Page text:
U.S. Secretary of State John Kerry on Sunday said Myanmar would have to change its constitution to guarantee civilian power if it is to see the remaining American economic sanctions on the country lifted.
Speaking in the country’s capital Naypyitaw after meeting with the country’s foreign minister, Aung San Suu Kyi, Mr. Kerry said the key to lifting the remaining sanctions would be for Myanmar to show more progress in reducing the military’s influence as the country continues along the road to democracy. “It is very difficult to complete that journey, in fact impossible to complete that journey, with the current constitution,” Mr. Kerry said.
He was later scheduled to hold talks with Myanmar’s army chief before traveling to Vietnam, where President Barack Obama is due to arrive early Monday for a state visit.
The U.S., along with Europe and Japan, started lifting long-standing sanctions on Myanmar after the country’s former military government began ceding power to a civilian administration in 2011. Investment and trade were allowed in 2012, but sanctions against scores of companies and individuals were retained because of their ties to the previous regime.
Less than a week ago, the Obama administration dropped sanctions against seven state-owned enterprises and three state-owned banks, and introduced additional waivers to make it easier for American businesses to do business there without violating sanctions. No individuals were removed from the sanctions blacklist, while sanctions against one businessman, Steven Law, were extended to include six more companies he and his conglomerate, Asia World, control.
One of the main sticking points to dropping the sanctions entirely is the way Myanmar’s army still commands considerable influence over its political system, U.S. officials have said.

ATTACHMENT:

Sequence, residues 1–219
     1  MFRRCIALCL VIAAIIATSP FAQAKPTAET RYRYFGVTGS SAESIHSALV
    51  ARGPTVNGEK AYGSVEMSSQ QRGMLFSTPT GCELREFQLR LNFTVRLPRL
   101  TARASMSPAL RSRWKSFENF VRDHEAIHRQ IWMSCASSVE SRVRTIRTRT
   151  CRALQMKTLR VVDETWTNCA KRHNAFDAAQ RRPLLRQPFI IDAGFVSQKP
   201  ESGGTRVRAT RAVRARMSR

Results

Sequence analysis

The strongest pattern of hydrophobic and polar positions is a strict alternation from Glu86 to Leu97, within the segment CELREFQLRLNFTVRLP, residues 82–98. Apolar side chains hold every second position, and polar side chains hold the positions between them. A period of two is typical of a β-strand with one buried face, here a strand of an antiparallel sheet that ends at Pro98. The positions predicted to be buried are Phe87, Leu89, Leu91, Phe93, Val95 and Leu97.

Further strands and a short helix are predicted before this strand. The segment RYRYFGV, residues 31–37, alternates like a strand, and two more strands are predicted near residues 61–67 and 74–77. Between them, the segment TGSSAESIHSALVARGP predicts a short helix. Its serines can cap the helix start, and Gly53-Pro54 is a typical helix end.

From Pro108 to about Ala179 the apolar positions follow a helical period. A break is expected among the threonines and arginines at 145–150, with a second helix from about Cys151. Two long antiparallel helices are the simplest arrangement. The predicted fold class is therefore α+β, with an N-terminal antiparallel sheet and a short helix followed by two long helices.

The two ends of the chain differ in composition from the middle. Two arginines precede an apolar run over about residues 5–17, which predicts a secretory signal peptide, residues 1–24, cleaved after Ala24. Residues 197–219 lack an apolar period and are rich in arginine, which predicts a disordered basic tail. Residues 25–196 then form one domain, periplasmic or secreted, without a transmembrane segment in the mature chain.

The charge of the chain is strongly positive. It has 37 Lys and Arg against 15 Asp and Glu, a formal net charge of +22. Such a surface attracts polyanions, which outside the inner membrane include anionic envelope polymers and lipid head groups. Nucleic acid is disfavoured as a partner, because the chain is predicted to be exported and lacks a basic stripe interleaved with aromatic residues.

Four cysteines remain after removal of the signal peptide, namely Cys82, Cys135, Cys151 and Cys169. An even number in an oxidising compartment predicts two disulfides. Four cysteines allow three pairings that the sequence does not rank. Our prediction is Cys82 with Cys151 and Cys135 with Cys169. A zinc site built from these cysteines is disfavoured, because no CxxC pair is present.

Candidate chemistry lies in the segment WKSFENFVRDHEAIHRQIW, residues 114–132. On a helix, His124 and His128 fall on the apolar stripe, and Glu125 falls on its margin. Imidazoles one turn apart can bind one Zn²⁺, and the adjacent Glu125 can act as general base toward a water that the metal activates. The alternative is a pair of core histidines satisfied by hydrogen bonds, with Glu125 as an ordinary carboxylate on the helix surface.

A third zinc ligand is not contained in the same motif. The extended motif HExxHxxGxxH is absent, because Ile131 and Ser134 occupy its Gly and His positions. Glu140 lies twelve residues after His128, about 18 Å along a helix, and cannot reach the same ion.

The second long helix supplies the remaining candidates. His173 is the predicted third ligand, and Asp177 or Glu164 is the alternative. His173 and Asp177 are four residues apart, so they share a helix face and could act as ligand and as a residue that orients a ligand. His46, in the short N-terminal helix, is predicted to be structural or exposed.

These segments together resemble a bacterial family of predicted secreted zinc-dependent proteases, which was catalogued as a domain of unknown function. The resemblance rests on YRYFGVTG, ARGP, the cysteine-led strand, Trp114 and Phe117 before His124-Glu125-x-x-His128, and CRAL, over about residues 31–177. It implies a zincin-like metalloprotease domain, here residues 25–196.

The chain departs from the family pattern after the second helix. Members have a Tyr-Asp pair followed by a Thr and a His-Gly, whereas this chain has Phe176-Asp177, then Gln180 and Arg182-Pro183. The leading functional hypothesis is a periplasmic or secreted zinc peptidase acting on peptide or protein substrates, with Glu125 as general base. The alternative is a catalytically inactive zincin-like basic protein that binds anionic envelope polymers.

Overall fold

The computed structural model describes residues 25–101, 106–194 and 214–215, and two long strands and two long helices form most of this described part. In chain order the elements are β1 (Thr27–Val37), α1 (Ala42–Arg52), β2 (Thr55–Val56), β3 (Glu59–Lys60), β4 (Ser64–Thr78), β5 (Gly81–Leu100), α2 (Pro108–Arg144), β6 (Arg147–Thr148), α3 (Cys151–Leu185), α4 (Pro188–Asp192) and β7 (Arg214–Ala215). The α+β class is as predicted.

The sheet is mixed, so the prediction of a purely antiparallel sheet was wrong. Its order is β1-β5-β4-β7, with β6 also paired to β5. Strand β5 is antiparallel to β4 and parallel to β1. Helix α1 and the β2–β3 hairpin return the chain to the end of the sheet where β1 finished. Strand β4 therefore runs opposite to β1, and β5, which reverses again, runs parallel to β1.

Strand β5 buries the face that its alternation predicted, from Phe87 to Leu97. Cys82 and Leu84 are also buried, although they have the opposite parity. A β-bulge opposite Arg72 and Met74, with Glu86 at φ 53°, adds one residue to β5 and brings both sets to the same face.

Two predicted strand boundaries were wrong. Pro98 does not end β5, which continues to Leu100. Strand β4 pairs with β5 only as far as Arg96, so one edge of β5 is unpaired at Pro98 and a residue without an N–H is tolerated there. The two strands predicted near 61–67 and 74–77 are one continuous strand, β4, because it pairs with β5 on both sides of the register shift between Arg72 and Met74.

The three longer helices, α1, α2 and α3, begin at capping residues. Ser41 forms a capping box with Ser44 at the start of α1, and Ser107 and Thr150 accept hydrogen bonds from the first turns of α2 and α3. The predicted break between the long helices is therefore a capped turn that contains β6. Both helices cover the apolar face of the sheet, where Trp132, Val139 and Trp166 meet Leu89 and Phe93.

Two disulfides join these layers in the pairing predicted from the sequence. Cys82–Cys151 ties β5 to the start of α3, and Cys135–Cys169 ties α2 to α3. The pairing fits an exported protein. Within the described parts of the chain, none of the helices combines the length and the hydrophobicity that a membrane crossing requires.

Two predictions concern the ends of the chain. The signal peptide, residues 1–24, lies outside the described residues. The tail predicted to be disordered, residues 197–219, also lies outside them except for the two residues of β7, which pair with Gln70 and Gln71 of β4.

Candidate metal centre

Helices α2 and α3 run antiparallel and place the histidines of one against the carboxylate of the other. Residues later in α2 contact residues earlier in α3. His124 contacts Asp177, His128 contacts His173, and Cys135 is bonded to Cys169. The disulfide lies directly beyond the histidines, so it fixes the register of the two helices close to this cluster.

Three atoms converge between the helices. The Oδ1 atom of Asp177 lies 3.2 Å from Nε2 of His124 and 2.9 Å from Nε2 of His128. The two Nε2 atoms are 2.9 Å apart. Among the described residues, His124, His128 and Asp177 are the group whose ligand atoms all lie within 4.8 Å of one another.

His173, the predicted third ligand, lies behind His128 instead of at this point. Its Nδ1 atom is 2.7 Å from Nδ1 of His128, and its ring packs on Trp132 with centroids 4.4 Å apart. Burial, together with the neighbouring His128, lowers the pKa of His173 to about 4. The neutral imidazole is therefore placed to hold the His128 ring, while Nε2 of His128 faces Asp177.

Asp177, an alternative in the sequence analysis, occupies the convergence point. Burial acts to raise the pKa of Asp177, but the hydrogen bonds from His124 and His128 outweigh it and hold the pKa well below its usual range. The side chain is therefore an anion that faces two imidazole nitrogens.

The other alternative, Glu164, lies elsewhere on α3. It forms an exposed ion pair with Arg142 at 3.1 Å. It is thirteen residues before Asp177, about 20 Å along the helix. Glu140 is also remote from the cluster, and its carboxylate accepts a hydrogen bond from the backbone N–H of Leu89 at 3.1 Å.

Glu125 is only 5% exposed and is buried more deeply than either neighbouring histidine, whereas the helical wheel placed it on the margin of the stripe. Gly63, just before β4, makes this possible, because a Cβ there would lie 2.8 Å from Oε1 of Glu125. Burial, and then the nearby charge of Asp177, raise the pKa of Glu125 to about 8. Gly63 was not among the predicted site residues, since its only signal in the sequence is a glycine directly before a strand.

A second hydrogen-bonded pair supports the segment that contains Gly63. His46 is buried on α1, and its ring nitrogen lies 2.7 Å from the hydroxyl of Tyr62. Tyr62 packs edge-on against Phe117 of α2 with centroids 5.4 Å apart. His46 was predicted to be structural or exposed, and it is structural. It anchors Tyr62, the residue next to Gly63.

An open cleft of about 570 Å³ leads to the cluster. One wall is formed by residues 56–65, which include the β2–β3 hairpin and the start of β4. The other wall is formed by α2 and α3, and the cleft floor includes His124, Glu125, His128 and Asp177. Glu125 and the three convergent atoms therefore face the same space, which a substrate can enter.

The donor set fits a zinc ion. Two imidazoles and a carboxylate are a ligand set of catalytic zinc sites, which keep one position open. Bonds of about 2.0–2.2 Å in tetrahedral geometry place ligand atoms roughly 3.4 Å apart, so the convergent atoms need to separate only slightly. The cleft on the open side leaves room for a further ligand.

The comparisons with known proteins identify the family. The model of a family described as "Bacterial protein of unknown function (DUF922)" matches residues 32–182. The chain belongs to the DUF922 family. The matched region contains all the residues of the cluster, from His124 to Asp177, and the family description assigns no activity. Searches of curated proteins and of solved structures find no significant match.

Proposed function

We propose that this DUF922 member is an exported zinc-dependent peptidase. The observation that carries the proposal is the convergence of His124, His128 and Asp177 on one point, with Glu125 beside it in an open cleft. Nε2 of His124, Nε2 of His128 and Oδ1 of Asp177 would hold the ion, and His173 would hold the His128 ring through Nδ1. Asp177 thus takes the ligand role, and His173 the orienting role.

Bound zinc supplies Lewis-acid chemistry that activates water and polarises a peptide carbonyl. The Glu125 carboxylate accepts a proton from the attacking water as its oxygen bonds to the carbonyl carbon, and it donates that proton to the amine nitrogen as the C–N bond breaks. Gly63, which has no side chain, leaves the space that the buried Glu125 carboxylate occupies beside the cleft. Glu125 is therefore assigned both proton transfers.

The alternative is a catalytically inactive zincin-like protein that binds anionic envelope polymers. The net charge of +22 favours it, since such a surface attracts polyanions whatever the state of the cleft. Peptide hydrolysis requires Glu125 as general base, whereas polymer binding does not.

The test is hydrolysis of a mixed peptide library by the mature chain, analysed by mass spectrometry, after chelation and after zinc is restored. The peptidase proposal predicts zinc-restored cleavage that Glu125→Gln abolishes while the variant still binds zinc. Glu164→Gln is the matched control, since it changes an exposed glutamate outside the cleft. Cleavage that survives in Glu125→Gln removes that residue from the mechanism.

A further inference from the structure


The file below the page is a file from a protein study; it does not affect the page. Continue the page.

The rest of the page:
Among other things, the army-drafted constitution prohibits Ms. Suu Kyi from serving as president after her party’s landslide election win last November because of a clause barring anyone with foreign relatives being head of state. Ms. Suu Kyi’s two adult sons are British.
The military also controls Myanmar’s defense and interior ministries, effectively administering much of the country’s bureaucratic structure.
Moreover, the army is guaranteed 25% of the seats in parliament, and a vote of at least 75% is required to change the constitution.
Ms. Suu Kyi, who also holds the specially created post of state counselor while her confident Htin Kyaw was appointed president, said Sunday she didn’t regard the remaining sanctions as weighing on relations with the U.S., and predicted that Washington would remove them when the time was right.
“We’re not afraid of sanctions, we’re not afraid of scrutiny,” Ms. Suu Kyi said at a joint news conference with Mr. Kerry. “The time will come soon that the United States will know that this is no longer the time for sanctions.”
Still, there is tension between the U.S. and Myanmar over the treatment of the Muslim minority Rohingya, with tens of thousands living in squalid camps in the country’s west after sectarian clashes in recent years. Myanmar’s government, and many of the majority Buddhist population, regard them as illegal immigrants from Bangladesh and refers to them as “Bengalis”, though many Rohingya can trace back their roots in Myanmar for generations. The Myanmar foreign ministry, which is headed by Ms. Suu Ky, has recently advised foreign embassies to stop using the term “Rohingya”.
Ms. Suu Kyi said using the label could inflame tensions. Mr. Kerry agreed the issue was sensitive, but said it couldn’t be ignored.
—Myo Myo in Yangon contributed to this article.